Indonesia's largest Islamic organisation is divided between 'idealists' and 'opportunists'.
Jakarta (AsiaNews) A rift is in danger of splitting Nahdlatul Ulama (NU), Indonesia's largest Islamic organisation. The threat comes from former Indonesian President Abdurrahman Wahid, better known as Gus Dur, after Hasyim Muzadi was re-elected as NU leader.
A former NU leader himself, Gus Dur announced his intention to set up a new organisation. The 'new' NU would be an umbrella association for the current NU's 'cultural' members and would be inspired by the original principles of the organisation founded in 1926.
Gus Dur's proposal stems from his opposition to Muzadi's leadership, which the recent NU muktamar (convention) in Solo (central Java), reconfirmed.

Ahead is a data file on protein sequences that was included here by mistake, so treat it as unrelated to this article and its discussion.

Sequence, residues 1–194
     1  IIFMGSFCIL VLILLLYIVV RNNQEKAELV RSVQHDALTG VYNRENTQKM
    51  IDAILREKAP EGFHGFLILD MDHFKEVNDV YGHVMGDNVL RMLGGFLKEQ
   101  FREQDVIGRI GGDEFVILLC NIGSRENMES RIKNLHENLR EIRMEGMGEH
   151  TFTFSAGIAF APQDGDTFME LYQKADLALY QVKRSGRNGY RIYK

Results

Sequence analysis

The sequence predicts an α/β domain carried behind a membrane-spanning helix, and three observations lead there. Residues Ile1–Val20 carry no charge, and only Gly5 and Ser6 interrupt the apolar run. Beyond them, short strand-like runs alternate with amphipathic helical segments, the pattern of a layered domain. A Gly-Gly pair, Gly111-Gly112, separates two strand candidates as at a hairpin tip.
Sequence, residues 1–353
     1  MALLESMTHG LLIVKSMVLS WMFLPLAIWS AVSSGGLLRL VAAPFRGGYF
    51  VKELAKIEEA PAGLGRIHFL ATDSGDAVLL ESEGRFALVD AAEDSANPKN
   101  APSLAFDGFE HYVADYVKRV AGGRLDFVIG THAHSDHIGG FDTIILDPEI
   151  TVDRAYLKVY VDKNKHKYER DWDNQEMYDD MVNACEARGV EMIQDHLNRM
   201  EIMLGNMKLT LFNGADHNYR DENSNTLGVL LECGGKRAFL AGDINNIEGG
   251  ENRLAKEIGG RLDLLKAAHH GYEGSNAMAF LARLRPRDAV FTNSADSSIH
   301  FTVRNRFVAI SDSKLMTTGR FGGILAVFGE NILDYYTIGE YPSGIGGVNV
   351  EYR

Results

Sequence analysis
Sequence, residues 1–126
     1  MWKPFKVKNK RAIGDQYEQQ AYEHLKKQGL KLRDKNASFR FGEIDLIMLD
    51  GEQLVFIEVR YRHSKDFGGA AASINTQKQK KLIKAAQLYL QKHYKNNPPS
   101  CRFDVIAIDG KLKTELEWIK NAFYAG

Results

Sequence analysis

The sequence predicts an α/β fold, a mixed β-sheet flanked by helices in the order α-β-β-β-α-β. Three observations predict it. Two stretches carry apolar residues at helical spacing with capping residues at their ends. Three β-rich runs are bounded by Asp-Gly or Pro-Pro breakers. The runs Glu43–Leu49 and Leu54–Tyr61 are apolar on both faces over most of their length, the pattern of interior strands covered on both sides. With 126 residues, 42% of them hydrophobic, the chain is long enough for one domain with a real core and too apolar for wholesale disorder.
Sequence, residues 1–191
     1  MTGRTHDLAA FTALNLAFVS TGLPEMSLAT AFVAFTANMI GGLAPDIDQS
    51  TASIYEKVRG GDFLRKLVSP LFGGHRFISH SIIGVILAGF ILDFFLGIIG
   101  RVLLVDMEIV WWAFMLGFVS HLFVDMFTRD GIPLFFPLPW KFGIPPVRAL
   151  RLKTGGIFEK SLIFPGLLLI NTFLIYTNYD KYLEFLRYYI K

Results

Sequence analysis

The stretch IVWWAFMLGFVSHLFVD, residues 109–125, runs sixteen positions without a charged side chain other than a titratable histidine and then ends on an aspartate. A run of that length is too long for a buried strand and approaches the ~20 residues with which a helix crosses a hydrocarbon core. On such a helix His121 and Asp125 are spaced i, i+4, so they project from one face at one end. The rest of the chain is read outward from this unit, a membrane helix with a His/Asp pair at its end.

Gus Dur had already threatened to leave the NU to form a separate organisation at the previous muktamar should Muzadi be re-elected.
Other NU spiritual leaders agree with Gus Dur in opposing Muzadi and his supporters, dubbed 'structural' members, for allegedly using the NU as a political tool to pursue personal agendas and their own economic interests. According to the former Indonesian President, Muzadi and his group are not 'morally clean'.
Gus Dur today refused to meet Muzadi in the NU's headquarters in Jakarta to discuss the issue.
For his part, Muzadi decline any comment about the rift between 'structural' and 'cultural' camps in the 40 million-strong NU. "The possibility of setting up a NU along the lines of 1926 is only a political issue," he said. "I doubt that Gus Dur will implement this controversial idea".
Mr Muzadi also refused to comment the possibility that Gus Dur's loyalists might 'seize' the NU's Jakarta office. "Don't ask me!" he said. "Ask Gus Dur!"